SB 5763

This analysis was prepared by non-partisan legislative staff for the use of legislative members in their deliberations. This analysis is not a part of the legislation nor does it constitute a statement of legislative intent.

C 7 L 11

Synopsis as Enacted

Brief Description: Amending the existing nonresident retail sales tax exemption.

Sponsors: Senators Ranker, Ericksen, Morton, Fraser and Shin; by request of Department of Revenue.

Senate Committee on Ways & Means

Background: Retail sales and use taxes are imposed by the state, cities, and counties. Retail sales taxes are imposed on retail sales of most articles of tangible personal property, digital products, and some services. A retail sale is a sale to the final consumer or end user of the property, digital product, or service. If retail sales taxes were not collected when the property, digital products, or services were acquired by the user, then use taxes apply to the value of most tangible personal property, digital products, and some services when used in this state.

A sales tax exemption is allowed to residents of a state, possession, or Canadian province that does not impose a retail sales tax or use tax of 3 percent or more on purchases of goods for use outside the state. The exemption does not apply to items or services consumed in the state such as hotel stays or meals at restaurants. Retailers are not required to make tax-exempt sales to qualifying nonresidents. A vendor may choose to collect sales tax on purchases made by qualifying nonresidents or to sell merchandise tax free.

Beginning July 1, 2010, the provinces of British Columbia and Ontario implemented a Harmonized Sales Tax (HST), which replaced their provincial sales taxes. The Department of Revenue (DOR) has determined that, despite its name, the HST is not a retail sales tax but rather a value added tax. Consequently, the department took the position that residents of British Columbia and Ontario would become eligible for the nonresident sales tax exemption effective July 1, 2010.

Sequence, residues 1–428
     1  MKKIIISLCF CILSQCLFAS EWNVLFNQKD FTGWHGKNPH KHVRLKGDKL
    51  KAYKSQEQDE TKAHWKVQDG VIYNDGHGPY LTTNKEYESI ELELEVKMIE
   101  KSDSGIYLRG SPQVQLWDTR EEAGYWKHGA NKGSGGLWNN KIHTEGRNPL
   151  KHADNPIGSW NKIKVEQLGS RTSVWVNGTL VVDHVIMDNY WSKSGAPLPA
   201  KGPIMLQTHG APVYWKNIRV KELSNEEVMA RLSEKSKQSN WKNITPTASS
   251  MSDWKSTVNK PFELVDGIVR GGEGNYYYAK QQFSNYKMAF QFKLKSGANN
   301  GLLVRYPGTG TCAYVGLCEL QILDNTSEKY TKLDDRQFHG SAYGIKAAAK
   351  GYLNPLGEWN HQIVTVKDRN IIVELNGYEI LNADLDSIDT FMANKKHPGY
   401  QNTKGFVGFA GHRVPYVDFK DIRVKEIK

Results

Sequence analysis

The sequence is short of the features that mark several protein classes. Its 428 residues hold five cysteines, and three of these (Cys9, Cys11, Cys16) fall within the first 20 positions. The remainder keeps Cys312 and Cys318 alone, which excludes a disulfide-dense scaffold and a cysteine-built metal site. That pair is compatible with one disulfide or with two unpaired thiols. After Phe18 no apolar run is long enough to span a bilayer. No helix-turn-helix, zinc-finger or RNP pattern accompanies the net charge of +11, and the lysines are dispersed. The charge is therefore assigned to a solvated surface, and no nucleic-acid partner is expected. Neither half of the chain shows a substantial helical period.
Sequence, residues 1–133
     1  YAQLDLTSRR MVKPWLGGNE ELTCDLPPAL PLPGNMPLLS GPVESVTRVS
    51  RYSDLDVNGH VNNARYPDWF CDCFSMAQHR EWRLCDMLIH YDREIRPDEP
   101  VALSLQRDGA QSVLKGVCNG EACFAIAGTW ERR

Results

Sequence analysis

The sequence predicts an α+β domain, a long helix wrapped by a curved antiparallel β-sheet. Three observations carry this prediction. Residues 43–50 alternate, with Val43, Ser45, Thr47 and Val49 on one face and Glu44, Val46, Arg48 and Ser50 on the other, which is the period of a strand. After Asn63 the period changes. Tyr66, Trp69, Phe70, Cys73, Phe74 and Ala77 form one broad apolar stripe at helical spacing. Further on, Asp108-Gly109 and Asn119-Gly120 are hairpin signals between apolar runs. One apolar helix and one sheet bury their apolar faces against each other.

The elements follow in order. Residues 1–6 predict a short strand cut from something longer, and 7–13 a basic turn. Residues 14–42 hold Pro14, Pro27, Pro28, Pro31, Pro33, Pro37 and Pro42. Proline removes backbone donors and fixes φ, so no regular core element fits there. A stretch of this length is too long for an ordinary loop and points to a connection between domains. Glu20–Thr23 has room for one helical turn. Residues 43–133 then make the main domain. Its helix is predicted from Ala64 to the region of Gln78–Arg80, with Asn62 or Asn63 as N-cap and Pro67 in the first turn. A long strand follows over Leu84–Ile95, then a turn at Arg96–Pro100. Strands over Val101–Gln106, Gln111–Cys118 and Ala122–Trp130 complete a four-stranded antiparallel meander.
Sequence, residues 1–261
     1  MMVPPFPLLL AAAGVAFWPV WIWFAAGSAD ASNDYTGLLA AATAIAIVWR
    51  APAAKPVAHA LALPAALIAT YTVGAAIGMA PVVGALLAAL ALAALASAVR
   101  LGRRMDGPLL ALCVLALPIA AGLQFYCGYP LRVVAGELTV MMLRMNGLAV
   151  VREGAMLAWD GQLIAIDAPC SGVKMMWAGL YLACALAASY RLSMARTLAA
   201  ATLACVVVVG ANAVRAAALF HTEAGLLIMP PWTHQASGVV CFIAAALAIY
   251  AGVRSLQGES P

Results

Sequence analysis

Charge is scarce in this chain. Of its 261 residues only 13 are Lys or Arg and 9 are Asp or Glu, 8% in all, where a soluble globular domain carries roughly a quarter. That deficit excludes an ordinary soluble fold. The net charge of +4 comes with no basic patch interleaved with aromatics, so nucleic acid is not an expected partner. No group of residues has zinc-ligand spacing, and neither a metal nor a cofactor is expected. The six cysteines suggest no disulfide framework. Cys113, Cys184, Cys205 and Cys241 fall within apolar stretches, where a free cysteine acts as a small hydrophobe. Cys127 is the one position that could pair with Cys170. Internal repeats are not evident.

The City of Bellingham and Whatcom County brought suit against the department, arguing that residents of British Columbia and other provinces that have implemented an HST are not entitled to the nonresident exemption. On July 16, 2010, a Skagit County Superior Court judge issued a preliminary injunction requiring DOR to advise retailers not to grant the nonresident retail sales tax exemption to residents of British Columbia, Nova Scotia, New Brunswick, Newfoundland and Labrador, Ontario, and Quebec.

Summary: Residents of any state, possession, territory or province of Canada may not take the nonresident sales tax exemption if their place of residence imposes sales tax, use tax, value added tax, gross receipts tax or similar generally applicable tax of 3 percent or more. This is an expansion of the requirement to qualify for the exemption as currently it is limited to only sales and use taxes of less than 3 percent in order to take the exemption.

Votes on Final Passage:








July 1, 2011.